Business Rules - best way to code

I have a  lot of business rules that need to be apply developing in .NET and SQL Server.  What is the best way to capture the business rules to apply to the criteria when coding?
leezacAsked:
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Vadim RappConnect With a Mentor Commented:
The best place to implement business rules is at the place all applications talk to. If you follow previous two comments from other experts, this means that all your application will need to talk to those layers; for example, if you need to fetch an employee, you will always fetch him from the layer and will never go directly to the database. Which means that all your applications will have to be compatible with your layers - a serious limitation, especially if 3rd party applications are a possibility.

Depending on the complexity of your rules, maybe you can implement them in the database as triggers and constraints.
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Luis PérezConnect With a Mentor Software Architect in .NetCommented:
Well, the best way to handle this is a N-Tier architecture.

http://en.wikipedia.org/wiki/Multitier_architecture

Usually I create a Visual Studio solution with these projects:

1 Project (class library) for the objects repository (classes defining my data model).
1 Project (class library) with the Business Rules.
1 Project (class library) with the Data Layer.
1 Project (windows or web) for the graphical UI.

The repository contains classes defining the objects used in the data model. This project has no reference to other projects.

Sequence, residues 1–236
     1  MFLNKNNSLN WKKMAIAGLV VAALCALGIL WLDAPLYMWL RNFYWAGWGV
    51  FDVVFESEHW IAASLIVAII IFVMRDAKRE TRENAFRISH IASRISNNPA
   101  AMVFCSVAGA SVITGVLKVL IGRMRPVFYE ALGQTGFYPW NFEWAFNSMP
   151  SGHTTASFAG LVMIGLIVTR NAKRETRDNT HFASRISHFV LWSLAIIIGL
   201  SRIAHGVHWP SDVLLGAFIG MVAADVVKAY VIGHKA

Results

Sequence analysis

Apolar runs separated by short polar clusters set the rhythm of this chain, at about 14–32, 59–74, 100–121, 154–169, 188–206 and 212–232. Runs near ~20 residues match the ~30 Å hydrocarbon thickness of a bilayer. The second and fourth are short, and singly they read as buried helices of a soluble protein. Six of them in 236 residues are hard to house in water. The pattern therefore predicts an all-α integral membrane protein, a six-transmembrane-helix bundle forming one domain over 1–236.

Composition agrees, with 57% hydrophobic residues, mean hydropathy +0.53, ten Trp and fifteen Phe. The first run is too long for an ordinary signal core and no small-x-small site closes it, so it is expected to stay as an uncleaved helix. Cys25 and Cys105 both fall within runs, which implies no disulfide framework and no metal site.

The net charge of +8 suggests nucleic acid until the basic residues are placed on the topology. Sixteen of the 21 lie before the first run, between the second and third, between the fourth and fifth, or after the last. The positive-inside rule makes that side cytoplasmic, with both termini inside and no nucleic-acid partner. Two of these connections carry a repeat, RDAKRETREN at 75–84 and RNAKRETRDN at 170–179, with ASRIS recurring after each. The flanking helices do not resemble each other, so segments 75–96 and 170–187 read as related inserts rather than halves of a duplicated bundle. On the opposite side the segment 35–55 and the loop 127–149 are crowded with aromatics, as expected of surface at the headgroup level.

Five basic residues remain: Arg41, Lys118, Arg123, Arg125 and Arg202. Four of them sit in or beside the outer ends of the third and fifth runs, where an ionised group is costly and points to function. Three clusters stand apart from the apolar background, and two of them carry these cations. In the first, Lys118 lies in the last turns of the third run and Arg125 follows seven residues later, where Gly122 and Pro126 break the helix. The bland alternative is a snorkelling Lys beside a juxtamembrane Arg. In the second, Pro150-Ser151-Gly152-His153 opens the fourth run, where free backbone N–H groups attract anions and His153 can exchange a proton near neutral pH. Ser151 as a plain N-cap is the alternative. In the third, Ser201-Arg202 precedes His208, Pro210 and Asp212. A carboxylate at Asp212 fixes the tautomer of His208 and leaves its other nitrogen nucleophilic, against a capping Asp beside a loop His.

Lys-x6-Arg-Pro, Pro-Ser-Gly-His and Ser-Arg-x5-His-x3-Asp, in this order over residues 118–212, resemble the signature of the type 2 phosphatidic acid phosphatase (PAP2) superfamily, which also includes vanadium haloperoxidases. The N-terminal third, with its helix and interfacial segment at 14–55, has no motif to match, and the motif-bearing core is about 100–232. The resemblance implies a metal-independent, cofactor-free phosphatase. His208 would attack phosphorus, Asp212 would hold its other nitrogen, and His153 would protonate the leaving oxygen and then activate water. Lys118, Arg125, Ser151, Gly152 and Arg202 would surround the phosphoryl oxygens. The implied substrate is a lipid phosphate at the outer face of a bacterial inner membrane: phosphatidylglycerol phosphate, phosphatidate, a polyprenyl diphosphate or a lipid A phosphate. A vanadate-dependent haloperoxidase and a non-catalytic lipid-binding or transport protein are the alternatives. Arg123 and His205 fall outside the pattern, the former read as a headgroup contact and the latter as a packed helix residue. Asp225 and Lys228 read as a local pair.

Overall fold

The data layer references the repository, and connects directly to the SQL Server instance to get/modify the data using the repository objects and lists of them.

The business layer references both the repository and the data layer, and make transformations to the objects.

The Graphical UI references both the repository and the business layer.

One example of all this would be: From the graphical UI, I need to get a list of customers. In the repository project I have a Customer class, than involves data from 2 distinct tables of the database. The UI makes a call to the Business layer ("get list of customers"). The Business layer makes a call to the Data Layer, which executes 2 stored procedures in the database to get the data and store this data into a list of Customer objects, returning this list to the Business Layer. If some more transformation is needed, the Business layer does it. Finally, the Business layer returns the list to the UI, which displays it.

Hope that helps.
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Éric MoreauConnect With a Mentor Senior .Net ConsultantCommented:
are you aware of the Validation Application block from the MS Enterprise library?

more details at http://emoreau.com/Entries/Articles/2009/06/The-Validation-Application-Block.aspx
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